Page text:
Ecological regeneration results in spiritual renewal, and spiritual renewal is necessary for ecological regeneration.
Regeneration of our ecological and social systems, rests on our sense of interdependence as a facet of living systems and on these noble qualities that support the renewal of relationships, guide our response to the challenges we face, and inspire the kind of society we want to create.
The helpful thing here is that by being guided by spiritual principles and living systems principles, and then caring for and becoming tender stewards of the natural world and each other, we develop these qualities of character. We are moulded by the environment we are part of creating.
Dr Tjanara Goreng Goreng, a Wakka Wakka Wulli Wulli Traditional Owner from Central Queensland and Adjunct Asst. Professor with ANU shares her wisdom on sacred leadership as a development path that sheds light on these two aspects of regeneration, that are intertwined.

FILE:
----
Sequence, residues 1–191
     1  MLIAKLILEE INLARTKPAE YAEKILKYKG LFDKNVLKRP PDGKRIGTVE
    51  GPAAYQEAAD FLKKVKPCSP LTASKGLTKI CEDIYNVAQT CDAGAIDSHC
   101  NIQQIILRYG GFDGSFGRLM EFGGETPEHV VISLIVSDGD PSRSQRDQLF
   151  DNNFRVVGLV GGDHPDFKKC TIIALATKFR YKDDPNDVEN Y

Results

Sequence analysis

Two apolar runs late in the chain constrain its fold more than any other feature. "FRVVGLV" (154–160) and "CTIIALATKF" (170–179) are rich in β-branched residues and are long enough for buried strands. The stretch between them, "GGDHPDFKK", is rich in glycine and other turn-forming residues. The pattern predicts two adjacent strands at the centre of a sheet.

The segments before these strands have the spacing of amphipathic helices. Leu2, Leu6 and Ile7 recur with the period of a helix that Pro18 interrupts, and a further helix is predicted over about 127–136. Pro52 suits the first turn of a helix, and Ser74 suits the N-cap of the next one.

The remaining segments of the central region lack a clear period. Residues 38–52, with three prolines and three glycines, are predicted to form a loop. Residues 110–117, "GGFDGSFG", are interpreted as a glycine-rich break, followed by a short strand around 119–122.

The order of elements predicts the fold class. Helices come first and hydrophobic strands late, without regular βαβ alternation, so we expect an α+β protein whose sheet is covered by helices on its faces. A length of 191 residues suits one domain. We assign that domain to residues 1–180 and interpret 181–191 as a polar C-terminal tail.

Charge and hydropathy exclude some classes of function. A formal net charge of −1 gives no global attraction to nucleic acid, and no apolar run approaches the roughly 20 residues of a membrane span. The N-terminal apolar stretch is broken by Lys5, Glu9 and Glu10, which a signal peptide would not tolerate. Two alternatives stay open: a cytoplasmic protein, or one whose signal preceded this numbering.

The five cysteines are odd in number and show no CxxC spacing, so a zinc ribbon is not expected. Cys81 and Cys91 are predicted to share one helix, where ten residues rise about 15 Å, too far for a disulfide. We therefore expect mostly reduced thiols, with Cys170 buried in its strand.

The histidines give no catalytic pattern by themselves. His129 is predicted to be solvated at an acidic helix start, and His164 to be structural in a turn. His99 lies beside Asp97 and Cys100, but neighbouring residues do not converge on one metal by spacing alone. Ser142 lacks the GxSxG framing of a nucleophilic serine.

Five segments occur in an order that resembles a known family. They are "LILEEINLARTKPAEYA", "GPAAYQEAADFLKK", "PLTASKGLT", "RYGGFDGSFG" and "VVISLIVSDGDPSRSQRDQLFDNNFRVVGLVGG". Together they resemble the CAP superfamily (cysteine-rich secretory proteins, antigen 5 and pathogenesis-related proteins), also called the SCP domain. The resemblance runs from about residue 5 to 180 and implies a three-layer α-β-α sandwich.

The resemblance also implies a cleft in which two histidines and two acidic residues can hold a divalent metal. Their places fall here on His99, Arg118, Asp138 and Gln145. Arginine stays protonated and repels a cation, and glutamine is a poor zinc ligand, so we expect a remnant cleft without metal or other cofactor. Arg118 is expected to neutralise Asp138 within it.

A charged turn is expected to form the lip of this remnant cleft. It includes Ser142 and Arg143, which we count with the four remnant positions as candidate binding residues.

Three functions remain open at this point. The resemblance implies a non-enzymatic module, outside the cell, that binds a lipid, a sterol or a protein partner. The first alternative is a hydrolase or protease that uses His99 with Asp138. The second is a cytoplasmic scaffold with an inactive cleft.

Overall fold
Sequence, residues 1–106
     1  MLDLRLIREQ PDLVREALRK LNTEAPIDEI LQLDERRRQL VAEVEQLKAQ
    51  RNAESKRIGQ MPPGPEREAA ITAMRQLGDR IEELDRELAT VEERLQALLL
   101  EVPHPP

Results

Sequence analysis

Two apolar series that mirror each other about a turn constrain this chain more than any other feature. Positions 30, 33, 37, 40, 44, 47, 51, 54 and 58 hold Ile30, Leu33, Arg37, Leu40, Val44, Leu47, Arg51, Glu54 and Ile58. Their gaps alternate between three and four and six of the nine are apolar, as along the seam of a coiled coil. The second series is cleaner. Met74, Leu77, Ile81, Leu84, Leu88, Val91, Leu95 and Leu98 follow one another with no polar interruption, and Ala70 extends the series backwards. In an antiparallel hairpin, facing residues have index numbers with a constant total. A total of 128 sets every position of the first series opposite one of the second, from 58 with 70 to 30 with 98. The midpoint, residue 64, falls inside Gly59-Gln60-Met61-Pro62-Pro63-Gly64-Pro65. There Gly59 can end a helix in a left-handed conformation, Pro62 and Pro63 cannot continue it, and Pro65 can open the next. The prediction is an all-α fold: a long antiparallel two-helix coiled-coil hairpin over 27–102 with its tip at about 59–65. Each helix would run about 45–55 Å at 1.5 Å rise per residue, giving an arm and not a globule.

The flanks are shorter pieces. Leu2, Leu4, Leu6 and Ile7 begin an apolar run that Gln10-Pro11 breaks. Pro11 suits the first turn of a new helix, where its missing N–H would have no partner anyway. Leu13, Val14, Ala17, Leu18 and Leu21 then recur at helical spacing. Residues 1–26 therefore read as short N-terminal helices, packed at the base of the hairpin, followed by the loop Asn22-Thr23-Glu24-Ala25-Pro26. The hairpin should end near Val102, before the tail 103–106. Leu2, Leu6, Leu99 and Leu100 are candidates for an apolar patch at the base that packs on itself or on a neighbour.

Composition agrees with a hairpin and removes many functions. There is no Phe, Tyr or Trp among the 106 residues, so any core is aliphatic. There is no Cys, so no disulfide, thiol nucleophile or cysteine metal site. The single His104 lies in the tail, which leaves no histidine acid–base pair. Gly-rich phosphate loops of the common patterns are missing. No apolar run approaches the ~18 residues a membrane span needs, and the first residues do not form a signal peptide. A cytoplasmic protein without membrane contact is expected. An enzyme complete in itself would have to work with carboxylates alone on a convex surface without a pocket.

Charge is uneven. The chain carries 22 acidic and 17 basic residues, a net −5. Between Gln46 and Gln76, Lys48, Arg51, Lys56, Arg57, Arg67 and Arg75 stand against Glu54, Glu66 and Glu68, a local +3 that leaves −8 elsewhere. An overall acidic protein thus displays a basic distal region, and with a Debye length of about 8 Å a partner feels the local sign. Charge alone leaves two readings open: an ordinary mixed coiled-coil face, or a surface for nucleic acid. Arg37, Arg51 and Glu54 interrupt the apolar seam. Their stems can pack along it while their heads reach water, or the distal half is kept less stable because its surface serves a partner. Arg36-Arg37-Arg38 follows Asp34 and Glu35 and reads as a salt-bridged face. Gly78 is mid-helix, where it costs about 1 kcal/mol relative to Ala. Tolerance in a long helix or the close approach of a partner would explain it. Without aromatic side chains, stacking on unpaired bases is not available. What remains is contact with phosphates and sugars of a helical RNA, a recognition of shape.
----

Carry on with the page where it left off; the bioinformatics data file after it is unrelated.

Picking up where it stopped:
Her PhD ‘The road to Eldership: How Aboriginal culture creates sacred leaders” brings together Aboriginal knowledge with sacred leadership and consciousness as described by Kegan to say that sacred leadership is a:
“way of being, thinking and doing, that integrates the whole planet, all relationships, families, communities. And the way you act has an impact on everything around you. An acknowledgement that I have an impact on the environment, on the animals, on the land, on the food, on the population.”
My friend and PhD Kenyan brother Dr Abel Barasa Atiti, put the relationship between leading with nobility and regeneration this way:
“For me leading with nobility would entail adopting a more indigenous-inspired way of co-existing with nature, including leaving habitats intact and respecting the connection between human and planetary health.”
As Jess Scully, Deputy Lord Mayor City of Sydney said at the Regen Sydney gathering on 18 August 2021,